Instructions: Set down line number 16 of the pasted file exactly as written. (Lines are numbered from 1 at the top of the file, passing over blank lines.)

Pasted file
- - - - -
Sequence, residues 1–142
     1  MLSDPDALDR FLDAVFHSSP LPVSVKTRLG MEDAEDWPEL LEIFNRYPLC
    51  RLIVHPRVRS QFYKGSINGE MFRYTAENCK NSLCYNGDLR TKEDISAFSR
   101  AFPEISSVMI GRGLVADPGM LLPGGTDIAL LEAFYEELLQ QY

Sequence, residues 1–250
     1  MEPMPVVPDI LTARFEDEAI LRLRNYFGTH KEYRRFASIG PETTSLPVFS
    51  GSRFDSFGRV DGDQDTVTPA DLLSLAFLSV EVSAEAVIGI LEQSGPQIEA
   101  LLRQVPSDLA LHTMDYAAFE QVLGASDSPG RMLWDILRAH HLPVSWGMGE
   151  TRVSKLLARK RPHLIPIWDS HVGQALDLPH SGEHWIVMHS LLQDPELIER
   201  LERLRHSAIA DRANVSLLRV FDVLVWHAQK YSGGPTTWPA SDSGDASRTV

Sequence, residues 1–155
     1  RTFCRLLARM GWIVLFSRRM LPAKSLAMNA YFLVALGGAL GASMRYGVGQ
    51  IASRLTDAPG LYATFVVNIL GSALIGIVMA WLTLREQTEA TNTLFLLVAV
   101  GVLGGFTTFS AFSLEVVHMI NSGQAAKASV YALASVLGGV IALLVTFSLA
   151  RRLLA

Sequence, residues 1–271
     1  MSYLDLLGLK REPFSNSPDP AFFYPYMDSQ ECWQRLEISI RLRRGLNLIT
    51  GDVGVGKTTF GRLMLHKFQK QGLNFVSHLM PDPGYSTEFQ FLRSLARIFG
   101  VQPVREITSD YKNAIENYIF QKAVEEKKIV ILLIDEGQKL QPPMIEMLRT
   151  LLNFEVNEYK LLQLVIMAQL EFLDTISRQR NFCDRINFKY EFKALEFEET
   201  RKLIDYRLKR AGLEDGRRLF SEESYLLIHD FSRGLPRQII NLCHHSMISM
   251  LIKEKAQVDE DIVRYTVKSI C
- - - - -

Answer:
Sequence, residues 1–271